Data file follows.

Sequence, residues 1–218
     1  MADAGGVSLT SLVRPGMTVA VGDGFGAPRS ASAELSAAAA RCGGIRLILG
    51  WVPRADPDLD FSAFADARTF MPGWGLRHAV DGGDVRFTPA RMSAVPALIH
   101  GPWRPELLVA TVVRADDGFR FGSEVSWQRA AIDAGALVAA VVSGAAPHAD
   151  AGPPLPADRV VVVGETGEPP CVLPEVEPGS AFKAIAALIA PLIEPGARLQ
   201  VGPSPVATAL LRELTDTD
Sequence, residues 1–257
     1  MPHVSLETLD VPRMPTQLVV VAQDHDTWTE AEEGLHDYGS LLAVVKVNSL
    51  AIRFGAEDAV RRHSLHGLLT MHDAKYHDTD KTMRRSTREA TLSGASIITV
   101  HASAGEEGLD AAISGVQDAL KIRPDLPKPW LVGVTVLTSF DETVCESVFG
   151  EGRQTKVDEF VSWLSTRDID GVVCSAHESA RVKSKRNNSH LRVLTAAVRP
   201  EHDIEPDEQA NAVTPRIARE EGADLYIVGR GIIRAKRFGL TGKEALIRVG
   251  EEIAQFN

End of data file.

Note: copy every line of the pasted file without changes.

Sequence, residues 1–218
     1  MADAGGVSLT SLVRPGMTVA VGDGFGAPRS ASAELSAAAA RCGGIRLILG
    51  WVPRADPDLD FSAFADARTF MPGWGLRHAV DGGDVRFTPA RMSAVPALIH
   101  GPWRPELLVA TVVRADDGFR FGSEVSWQRA AIDAGALVAA VVSGAAPHAD
   151  AGPPLPADRV VVVGETGEPP CVLPEVEPGS AFKAIAALIA PLIEPGARLQ
   201  VGPSPVATAL LRELTDTD
Sequence, residues 1–257
     1  MPHVSLETLD VPRMPTQLVV VAQDHDTWTE AEEGLHDYGS LLAVVKVNSL
    51  AIRFGAEDAV RRHSLHGLLT MHDAKYHDTD KTMRRSTREA TLSGASIITV
   101  HASAGEEGLD AAISGVQDAL KIRPDLPKPW LVGVTVLTSF DETVCESVFG
   151  EGRQTKVDEF VSWLSTRDID GVVCSAHESA RVKSKRNNSH LRVLTAAVRP
   201  EHDIEPDEQA NAVTPRIARE EGADLYIVGR GIIRAKRFGL TGKEALIRVG
   251  EEIAQFN